Articles by Anaya Vance
With the year coming to an end, it’s time to analyze what direction the industry is going in. Some professionals in the industry are feeling optimistic despite macroeconomic pressures and there’s a reason for that.
Gerald Watson, Founder and President of The Watson Group, said with the latest Employee Retention Tax Credit (ERTC), his company has been on a steady incline. The tax credit was designed for companies affected by Covid in 2020-21 as a refund against payroll taxes they’ve already paid and that’s where Watson comes in because it can take a while for business owners to actually receive those funds, as long as 6-12 months, he said. With the help of funding partners, Watson can make an advance to business owners on the ERTC upfront. Watson’s core business has always been factoring but when he saw this opportunity, he went for it.
“I think maybe looking ahead as we get into 2023 next year, I think the industry is going to be continuing to look for ways to expand its product base, and I think it’s likely that we’ll see more and more maybe of your larger lenders moving into things like some form of factoring, for example,” said Watson.
On the fintech side, CRO at Encapture Tyler Barron says he’s noticed a shift this year regarding certain lines of business but that their product has historically performed well regardless, even if the deal sizes get a bit smaller. Encapture is a platform that sells automated programs to financial service companies – primarily big banks – and they’ve noticed large, regional, and community banks investing more in technology, specifically ones that help them automate and cut costs.
“What we’ve kind of seen over the past year is, there’s definitely been a pullback, as it relates to certain lines of business, like anything related to mortgage this past year has completely dried up,” said Barron. “But we are still seeing financial institutions, both fintechs, large banks, regional banks, and community banks invest in technology.”
Back at Broker Fair in late October, Pooja Nene, Broker Relationships Manager at Balboa Capital, told deBanked that she thought the industry was going in a good direction.
“I think with a lot of issues that we’ve had since 2020 our industry’s been holding up really well and there’s a ton of opportunities out there to get involved in different types of financing…” said Nene.
Overall, the demand for the products should continue.
“One thing about our industry is that people always need money; good times bad times, high interest rates, low interest rates,” said Gerald Watson. “There’s always going to be a demand for what we do.”
2022 has been a rough year for many fintech employees. The year started out with just a few layoffs but had an exponential increase totaling in at 219,959 layoffs from 1,405 tech companies.
Financial services company Plaid, for example, recently announced plans to lay off 20% of employees, which is about 260 staff members.
“Today, I’m announcing the most difficult change we have had to make at Plaid to date,” wrote Plaid CEO Zachary Perret in a Dec. 7th website post. “I made the hard decision to reduce the size of our team, and in doing so, to say goodbye to approximately 260 talented Plaids.”
Perret alluded to over-hiring as a result of the surge in business during covid. They are not alone. Companies including Klarna, Coinbase, Kabbage, and Amazon have laid off substantial amounts of staff. January started off low with 631 employee layoffs and that later increased to over 6,000 in February. November tallied 59,785 layoffs, weighing in with the highest number of employees laid off compared to any other month this year.
Forty-Six percent of women make up the workforce in the financial services industry with only 6% of them being CEOs. Reshaping the narrative of men dominating the finance world, women in various components of the industry are making their mark. Sarah Kelly, Lindsey Rohan, and Heather Francis are three women that particularly stand out in the commercial finance industry.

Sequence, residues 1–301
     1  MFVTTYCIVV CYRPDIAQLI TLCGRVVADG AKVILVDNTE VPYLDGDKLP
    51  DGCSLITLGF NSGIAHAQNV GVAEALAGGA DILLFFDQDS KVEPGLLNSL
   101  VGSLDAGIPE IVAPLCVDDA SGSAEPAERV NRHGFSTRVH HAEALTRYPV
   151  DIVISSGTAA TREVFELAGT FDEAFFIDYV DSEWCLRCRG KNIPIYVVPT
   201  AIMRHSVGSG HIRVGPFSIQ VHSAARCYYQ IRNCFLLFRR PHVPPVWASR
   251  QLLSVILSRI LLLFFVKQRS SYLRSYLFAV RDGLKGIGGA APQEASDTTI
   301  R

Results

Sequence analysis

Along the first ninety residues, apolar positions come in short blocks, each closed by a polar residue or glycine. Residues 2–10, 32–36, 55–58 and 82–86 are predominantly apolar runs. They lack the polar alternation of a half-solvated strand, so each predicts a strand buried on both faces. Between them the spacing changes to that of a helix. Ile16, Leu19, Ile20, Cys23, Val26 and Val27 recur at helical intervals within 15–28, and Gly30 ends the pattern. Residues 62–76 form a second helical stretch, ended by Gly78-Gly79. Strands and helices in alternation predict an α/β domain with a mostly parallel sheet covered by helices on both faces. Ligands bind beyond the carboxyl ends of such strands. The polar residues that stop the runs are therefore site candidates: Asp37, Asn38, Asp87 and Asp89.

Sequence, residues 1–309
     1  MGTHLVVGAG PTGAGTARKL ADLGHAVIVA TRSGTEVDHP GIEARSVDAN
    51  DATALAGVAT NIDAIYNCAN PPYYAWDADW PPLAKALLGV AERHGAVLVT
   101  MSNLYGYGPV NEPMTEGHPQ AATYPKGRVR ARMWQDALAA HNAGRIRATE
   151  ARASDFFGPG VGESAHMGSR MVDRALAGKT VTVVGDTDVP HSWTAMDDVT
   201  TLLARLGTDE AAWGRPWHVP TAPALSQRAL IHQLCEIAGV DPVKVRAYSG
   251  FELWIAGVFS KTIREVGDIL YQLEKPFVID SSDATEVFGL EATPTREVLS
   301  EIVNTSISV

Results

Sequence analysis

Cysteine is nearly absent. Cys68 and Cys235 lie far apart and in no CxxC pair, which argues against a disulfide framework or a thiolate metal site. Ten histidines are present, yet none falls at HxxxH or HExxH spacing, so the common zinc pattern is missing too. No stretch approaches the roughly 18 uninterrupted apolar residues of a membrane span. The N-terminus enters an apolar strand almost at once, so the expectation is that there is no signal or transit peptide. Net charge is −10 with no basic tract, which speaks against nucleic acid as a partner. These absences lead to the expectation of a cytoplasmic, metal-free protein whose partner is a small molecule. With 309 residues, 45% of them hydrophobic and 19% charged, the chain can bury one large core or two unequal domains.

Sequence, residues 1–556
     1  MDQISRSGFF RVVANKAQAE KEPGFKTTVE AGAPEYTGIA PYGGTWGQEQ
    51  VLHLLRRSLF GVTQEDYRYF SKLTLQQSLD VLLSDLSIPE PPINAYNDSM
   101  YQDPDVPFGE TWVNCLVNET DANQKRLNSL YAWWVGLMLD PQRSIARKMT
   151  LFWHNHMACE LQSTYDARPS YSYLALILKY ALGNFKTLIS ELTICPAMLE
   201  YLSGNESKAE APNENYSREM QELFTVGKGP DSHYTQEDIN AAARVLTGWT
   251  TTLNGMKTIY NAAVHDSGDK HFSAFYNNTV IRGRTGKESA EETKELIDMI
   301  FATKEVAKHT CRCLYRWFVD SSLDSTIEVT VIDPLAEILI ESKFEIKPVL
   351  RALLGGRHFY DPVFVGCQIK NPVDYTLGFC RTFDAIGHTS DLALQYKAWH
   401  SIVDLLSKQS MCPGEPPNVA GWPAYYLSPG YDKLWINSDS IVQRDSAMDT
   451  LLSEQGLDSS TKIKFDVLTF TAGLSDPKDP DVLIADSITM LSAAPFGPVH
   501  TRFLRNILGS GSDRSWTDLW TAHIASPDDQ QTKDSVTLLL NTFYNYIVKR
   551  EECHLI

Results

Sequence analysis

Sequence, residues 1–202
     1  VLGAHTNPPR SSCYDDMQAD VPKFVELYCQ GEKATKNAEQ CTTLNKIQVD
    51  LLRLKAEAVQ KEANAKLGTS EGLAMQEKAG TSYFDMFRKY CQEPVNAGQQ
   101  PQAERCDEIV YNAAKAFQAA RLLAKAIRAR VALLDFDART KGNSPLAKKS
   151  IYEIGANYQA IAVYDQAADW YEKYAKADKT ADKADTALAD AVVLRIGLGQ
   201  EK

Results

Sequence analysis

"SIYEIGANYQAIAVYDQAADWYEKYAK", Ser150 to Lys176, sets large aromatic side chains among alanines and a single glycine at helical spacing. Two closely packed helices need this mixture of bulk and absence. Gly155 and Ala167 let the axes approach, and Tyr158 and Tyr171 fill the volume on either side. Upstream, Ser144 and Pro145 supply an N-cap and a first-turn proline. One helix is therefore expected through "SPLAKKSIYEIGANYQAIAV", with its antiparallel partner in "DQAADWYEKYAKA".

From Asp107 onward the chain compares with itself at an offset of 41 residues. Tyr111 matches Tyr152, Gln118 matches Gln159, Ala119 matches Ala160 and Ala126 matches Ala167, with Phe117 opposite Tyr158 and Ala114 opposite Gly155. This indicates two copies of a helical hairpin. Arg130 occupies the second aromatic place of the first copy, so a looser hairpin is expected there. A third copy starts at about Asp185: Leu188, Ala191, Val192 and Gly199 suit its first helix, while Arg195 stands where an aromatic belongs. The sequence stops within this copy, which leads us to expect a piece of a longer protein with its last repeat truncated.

Equipped at Birth
Born into equipment finance, Sarah Kelly got her start by working for the family business at KLC Financial. After a decade of becoming an expert in the trade, she spent some time in the medical equipment finance side of the industry before finally landing at Dedicated Financial GBC, where she is now the Director of Servicing. Dedicated has been experiencing growth, according to Kelly, as the company just hired five new employees in the last couple of weeks.
“I have a lot of confidence in the leadership team and was excited that they were open to having a woman on the team,” said Kelly. “They’ve welcomed me in wholeheartedly, they always ask for my opinion, I’m always willing to give it and I feel like we’ve really all connected to make Dedicated a great company.”
Kelly believes that women should support one another to do better. Even a little friendly competition to push each other to be their best selves doesn’t hurt.
“I believe that we can really show other women that you can be whatever you want to be in this industry, that there’s no limit, there really aren’t,” said Kelly. “I feel like some people think that there might be just because they are a woman but there really is no limit and we just need to get that word out there to them…”
Practicing the Laws of Finance
Finance wasn’t exactly the plan for Lindsey Rohan after law school. Working for a law firm in Long Island she dabbled in real estate closings, but with having two small children at the time, balancing work and motherhood were always at odds. Determined to have her own practice, she started Pollack Cooper & Fisher, P.C. where she worked as a real estate attorney for 8 years. She hadn’t ever foreseen commercial finance as her next career path, but a call from a family friend led her to join a merchant cash advance company.
“It actually became quite a good fit because it’s a lot of multitasking, a lot of looking at all the various aspects of a corporation and its life, and how you can protect it,” said Rohan, Deputy General Counsel at Basepoint Capital.
Handling the legal infrastructure of the company, building out departments to make sure there are checks and balances, and making sure all the collections teams abide by the regulations are routine in Rohan’s schedule. Having much success in her position, a notable point in her career has been about building the Alternative Finance Bar Association. The AFBA was created to facilitate the exchange of information with attorney members concerning alternative finance.